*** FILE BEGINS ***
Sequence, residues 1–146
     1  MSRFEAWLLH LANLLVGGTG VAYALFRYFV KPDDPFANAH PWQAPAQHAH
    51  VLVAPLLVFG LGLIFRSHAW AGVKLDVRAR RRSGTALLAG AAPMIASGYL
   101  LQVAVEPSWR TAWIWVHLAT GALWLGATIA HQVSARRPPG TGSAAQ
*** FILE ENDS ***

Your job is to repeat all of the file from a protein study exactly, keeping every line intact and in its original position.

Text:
Sequence, residues 1–146
     1  MSRFEAWLLH LANLLVGGTG VAYALFRYFV KPDDPFANAH PWQAPAQHAH
    51  VLVAPLLVFG LGLIFRSHAW AGVKLDVRAR RRSGTALLAG AAPMIASGYL
   101  LQVAVEPSWR TAWIWVHLAT GALWLGATIA HQVSARRPPG TGSAAQ